Question: do I need to know anything in this blog post?
Answer: No, it is a true cache and CELLMEMORY works automatically
Question: so why should I read this blog post?
Answer: because you like to keep a toolkit of useful ways to control the system when needed
The Exadata engineering team has done a lot of work to make the flash cache automatically handle a variety of very different workloads happening simultaneously which is why we now typically discourage users from specifying:
SQL> Alter Table T storage (cell_flash_cache keep);
and trust the AUTOKEEP pool to recognize table scans that would most benefit from caching and to cache them in a thrash resistant way. Our Best Practice for CELLMEMORY is typically not to use the DDL. That said, there will be cases when the DBA wishes to override the system’s default behavior and we will look at a couple of those reasons. But first here’s the DDL which is a very cut down portion of the INMEMORY syntax:
Alter Table T [ [ NO ] CELLMEMORY [ MEMCOMPRESS FOR [ QUERY | CAPACITY ] [ LOW | HIGH ] ] ]
So let’s break this down piece by piece.
SQL> Alter Table T NO CELLMEMORY
The NO CELLMEMORY clause prevents a table being eligible for the rewrite from 184.108.40.206 format to 12.2 In-Memory format. There are a variety of reasons you may wish to do this and we’ll look at those at the end of this post.
SQL> Alter Table T CELLMEMORY SQL> Alter Table T CELLMEMORY MEMCOMPRESS FOR CAPACITY
These allows a table to be cached in the default 12.2 In-Memory format (you’d only ever need this to undo a NO CELLMEMORYyou done earlier or to revert a change in the compression level used).
SQL> Alter Table T CELLMEMORY MEMCOMPRESS FOR QUERY
I mentioned above that CELLMEMORY, by default, undergoes two rounds of compression: first a round of semantic compression and secondly a round of bitwise compression using LZO is applied. This is the default to try and keep CELLMEMORY’s flash cache footprint as close as we can to HCC flash space usage but run queries much faster than HCC. But, even though LZO has a relatively low decompression cost it is not zero. There are some workloads which run faster with MEMCOMPRESS FOR QUERY but they also use typically twice as much flash space. It would not be appropriate for the system to automatically start using twice as much flash but if you wish to experiment with this, the option is there. Also compressing with LZO takes CPU time which is not needed with MEMCOMPRESS FOR QUERY.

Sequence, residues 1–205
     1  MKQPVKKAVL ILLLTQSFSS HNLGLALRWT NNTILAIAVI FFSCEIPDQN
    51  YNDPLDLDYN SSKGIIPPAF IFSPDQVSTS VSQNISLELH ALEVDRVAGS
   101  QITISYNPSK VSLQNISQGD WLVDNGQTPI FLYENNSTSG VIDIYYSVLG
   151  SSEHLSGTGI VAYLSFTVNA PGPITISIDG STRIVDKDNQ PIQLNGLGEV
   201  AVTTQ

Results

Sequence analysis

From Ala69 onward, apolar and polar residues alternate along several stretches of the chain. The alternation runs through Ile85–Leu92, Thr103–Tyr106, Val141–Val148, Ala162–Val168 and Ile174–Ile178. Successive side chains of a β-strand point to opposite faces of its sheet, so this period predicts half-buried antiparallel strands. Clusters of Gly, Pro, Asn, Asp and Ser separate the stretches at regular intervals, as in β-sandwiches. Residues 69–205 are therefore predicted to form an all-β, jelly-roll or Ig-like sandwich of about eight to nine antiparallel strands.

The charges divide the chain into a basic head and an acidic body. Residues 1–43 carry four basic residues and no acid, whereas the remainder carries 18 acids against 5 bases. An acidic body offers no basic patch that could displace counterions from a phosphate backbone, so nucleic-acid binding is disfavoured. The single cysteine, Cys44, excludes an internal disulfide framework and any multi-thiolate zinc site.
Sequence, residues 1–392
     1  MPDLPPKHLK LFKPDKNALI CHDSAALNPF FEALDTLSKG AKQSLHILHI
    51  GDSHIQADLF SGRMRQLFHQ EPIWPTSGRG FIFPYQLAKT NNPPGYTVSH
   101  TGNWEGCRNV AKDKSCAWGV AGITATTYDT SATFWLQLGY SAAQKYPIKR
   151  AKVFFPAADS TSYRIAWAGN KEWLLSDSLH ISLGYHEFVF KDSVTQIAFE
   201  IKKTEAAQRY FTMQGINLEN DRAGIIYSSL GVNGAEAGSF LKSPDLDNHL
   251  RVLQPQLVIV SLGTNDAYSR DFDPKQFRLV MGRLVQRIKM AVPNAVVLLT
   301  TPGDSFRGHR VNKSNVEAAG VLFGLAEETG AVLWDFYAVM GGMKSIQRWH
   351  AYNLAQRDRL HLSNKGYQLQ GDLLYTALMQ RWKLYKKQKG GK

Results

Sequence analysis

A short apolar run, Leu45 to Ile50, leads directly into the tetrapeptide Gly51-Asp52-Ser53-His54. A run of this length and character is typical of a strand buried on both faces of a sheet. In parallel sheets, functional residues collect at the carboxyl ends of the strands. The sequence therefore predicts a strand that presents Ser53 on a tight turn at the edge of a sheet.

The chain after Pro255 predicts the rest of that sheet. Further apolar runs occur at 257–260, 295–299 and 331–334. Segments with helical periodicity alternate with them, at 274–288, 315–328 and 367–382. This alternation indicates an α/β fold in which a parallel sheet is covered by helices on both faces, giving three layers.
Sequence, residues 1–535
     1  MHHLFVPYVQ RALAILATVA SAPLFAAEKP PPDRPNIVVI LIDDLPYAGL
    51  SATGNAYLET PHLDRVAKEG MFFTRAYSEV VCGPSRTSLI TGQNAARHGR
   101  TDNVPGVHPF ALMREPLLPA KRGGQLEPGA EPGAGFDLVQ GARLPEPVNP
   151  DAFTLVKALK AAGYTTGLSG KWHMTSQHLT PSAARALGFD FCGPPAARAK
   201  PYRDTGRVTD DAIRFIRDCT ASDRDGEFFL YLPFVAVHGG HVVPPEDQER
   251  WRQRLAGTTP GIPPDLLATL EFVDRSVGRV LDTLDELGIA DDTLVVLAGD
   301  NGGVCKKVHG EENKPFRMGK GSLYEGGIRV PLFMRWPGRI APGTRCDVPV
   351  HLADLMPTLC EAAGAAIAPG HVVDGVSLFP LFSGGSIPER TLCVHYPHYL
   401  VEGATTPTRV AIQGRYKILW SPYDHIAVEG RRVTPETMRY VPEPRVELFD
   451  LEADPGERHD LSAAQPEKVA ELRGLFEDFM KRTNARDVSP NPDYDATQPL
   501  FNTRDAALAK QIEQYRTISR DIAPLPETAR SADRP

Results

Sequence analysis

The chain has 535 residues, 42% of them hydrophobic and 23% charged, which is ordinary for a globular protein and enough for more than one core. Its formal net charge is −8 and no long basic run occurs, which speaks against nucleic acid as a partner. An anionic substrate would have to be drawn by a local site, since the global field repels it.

What about [ LOW | HIGH ] ?
Currently, unlike INMEMORY, these are throw away words but we retained them in the grammar for future expansion and because people are used to specifying them in a MEMCOMPRESS clause. this means in effect:
- CELLMEMORY’S MEMCOMPRESS FOR QUERY
is roughly equivalent of INMEMORY’S MEMCOMPRESS FOR QUERY HIGH
- CELLMEMORY’S MEMCOMPRESS FOR CAPACITY
is roughly equivalent of INMEMORY’S MEMCOMPRESS FOR CAPACITY LOW
Why might I want to overrule the default?
There are a few reasons:
- Turning CELLMEMORY off may be useful if you know an HCC table will only be queried a few times and then dropped or truncated soon and it is not worth the CPU time to create the In-Memory formats
- Turning CELLMEMORY off may be useful if your cells are already under a lot of CPU pressure and you wish to avoid the CPU of creating the In-Memory formats
- Switching to MEMCOMPRESS FOR QUERY may be useful to get better query performance on some workloads (YMMV) and reduce the CPU cost of creating In-Memory formats
What about INMEMORY with CELLMEMORY?
We allow both INMEMORY and CELLMEMORY on the same table
SQL> Create Table T (c1 number) INMEMORY NO CELLMEMORY; SQL> Create Table T (c1 number) INMEMORY CELLMEMORY MEMCOMPRESS FOR QUERY;
Why would you want both INMEMORY and CELLMEMORY?
DBIM implements a priority system where the In-Memory area is first loaded with the critical tables and then finally down to the PRIORITY LOW tables. If you have a PRIORITY LOW table that is unlikely to get loaded in memory it is fine to also specify CELLMEMORY so as to still get columnar performance. Note: an HCC encoded INMEMORY table will still get automatic CELLMEMORY if you don’t use any DDL at all.